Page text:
At Now I Can we are blessed to have an army of intelligent and dedicated students from our local universities work as volunteer therapy aides. They are a crucial part of our therapy team. We are happy to hear from Tori–who is an excellent aide and well-loved by the kids!

My name is Tori Phillips. I am from Sacramento, California, I am fifth of 8 kids, and I’m a student at BYU studying Exercise and Wellness. I love volleyball, and I have a passion for service. These are all things about me, but they are also all things that led me to Now I Can. I’ve only been volunteering at Now I Can for a short time, but I have already had so many precious experiences. I have had the opportunity to work with skilled therapists, caring leaders, and most importantly, some pretty amazing and inspiring kids.

I wanted to share with you 3 lessons I’ve learned in my time at Now I Can. The first lesson is that every second counts. At Now I Can we utilize an intensive approach to physical therapy–meaning instead of getting 45 minutes of therapy once or twice a week, the kids that come to Now I Can get the attention of trained therapists for 4 full hours and they get it 5 days a week!

I worked at a traditional physical therapy clinic previously and the work they did there for post-operative patients with orthopedic therapies was great. However, the pediatric therapies they attempted, especially for kids with neuro-muscular disabilities, didn’t hold a candle to the kind of progress and functionality that I have seen at Now I Can in 5 short weeks. I  love seeing how the kids at Now I Can make leaps and bounds in their progress toward their full potential and greater independence.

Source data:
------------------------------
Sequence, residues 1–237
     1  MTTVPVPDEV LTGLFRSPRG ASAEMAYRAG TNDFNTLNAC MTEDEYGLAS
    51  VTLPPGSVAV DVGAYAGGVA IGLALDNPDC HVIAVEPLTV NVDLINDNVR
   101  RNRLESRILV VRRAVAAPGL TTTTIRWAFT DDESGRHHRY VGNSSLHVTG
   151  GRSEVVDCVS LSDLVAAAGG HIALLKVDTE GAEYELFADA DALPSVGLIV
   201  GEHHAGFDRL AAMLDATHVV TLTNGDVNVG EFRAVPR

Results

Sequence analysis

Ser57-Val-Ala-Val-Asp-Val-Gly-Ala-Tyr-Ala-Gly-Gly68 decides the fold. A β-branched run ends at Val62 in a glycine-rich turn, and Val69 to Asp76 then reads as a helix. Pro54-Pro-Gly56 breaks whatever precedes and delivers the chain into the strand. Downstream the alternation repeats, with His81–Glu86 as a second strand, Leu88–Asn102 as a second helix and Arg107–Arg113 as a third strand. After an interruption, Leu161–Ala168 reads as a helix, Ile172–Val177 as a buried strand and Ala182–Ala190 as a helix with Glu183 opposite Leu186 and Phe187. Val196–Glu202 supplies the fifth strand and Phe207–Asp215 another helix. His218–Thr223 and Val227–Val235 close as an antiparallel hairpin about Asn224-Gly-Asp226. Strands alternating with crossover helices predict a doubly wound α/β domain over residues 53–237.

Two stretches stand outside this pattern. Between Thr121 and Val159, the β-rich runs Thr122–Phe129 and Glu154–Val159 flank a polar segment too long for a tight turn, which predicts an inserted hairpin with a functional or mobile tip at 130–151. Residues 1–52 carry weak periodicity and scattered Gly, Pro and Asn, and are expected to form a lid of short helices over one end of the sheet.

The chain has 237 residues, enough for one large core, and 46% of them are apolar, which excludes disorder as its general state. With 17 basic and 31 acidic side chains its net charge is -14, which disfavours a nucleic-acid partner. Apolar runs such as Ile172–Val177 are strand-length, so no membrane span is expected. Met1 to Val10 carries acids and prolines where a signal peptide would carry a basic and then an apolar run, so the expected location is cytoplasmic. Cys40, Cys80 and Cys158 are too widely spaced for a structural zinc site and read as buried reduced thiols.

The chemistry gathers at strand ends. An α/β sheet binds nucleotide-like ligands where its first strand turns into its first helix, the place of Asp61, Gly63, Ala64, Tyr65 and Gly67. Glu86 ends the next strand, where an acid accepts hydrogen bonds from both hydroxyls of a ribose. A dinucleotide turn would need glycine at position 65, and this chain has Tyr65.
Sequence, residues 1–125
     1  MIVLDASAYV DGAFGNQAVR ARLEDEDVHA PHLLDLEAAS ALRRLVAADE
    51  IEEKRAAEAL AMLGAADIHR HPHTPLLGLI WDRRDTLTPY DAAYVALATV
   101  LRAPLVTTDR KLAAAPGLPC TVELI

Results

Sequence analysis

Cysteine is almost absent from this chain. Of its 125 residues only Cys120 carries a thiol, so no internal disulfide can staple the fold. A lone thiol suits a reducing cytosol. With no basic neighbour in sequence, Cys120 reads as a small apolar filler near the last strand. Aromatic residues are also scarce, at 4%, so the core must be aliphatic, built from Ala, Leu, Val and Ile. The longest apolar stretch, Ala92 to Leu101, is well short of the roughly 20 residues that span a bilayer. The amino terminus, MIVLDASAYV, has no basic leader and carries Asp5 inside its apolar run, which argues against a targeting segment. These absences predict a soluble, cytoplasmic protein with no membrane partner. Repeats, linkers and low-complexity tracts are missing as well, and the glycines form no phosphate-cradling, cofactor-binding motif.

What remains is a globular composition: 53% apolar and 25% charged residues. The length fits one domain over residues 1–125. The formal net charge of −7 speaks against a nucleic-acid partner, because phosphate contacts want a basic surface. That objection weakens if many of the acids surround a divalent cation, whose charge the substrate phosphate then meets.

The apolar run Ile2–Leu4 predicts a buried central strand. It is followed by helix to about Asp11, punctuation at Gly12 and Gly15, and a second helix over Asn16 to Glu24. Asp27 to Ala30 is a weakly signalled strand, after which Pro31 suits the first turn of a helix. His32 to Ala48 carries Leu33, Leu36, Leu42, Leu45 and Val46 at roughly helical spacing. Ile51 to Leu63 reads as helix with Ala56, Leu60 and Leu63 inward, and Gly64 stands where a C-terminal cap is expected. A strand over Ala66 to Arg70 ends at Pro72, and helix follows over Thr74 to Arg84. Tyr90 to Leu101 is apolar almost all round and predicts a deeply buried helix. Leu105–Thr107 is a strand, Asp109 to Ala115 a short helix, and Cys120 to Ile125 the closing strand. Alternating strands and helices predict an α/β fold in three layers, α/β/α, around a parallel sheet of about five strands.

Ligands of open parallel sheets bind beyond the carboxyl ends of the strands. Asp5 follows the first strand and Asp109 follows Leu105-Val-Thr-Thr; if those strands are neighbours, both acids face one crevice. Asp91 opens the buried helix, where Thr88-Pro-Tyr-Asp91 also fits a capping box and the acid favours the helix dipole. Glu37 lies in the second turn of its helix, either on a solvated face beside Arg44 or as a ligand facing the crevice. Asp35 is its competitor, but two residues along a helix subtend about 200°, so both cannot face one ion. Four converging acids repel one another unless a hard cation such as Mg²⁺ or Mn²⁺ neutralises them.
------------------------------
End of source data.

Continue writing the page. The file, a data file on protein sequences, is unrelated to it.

The next lesson I’ve learned  is that all my professors were right. Despite my immense pride and the fact that I very frequently thought that I knew better than the old fogies blabbering on at the front of the lecture hall–my professors taught me some very important and practical knowledge. (I’m speaking of two professors in particular Professor George and Professor Tucker). Sometimes it was hard to be an Exercise and Wellness major because many of my peers and professors had extreme views on fitness, nutrition, and health. I’ve always considered myself to be a realist and found that I was skeptical of  holistic methods as well as the extreme modernist medicines and technologies. I’ve learned that there can be merit to either approach depending on the situation and the individual. These two professors, although very different, taught me the age old lesson “don’t knock it till you try it!” While some of the therapies I saw being used at Now I Can were very strange to me at first, every time I’ve had a skeptical thought I’ve been thoroughly proven wrong.

The last lesson I’ve learned while volunteering at Now I Can is that children are precious. Now, I’ve had a lot of experience with kids in the past. I have 3 younger sisters, and I started babysitting when I was 13.  I’ve been a counselor for numerous summer camps and preschool groups, I’ve been a tutor, and I’ve always had a desire to someday, be a mommy to precious children of my own.

I can’t say enough times or emphatically enough how grateful I am for the opportunity I have at Now I Can to work alongside some of sweetest kids you’ve ever seen! These kids are all fighters. From day one they struggle and they continue to overcome challenges and trials that, personally, I would totally fail at. These kids are amazing and they truly have some of the best stories. The very first kid I got to work with at Now I Can was Easton, and what a privilege that was. Easton is a happy and energetic kid. He constantly smiles and loved playing and interacting with the therapist and myself. Easton’s progression to using his walker unaided was the first big milestone that I got to see.

At the end of one of his sessions we had him pack up his bag and get to his walker so he could bring it to his Mom in the front room. As we turned the corner we came face to face with Easton’s Mom and she was amazed. She dropped her bags and exclaimed that she had never seen him walk so well! The proud and happy feeling I had while I watched Easton walk to his Mother, waiting with her arms outstretched, isn’t something that I can quite describe fully, but it was a turning point for me. It opened my eyes to all the good that happens at Now I Can and how we get to change lives for the better every day.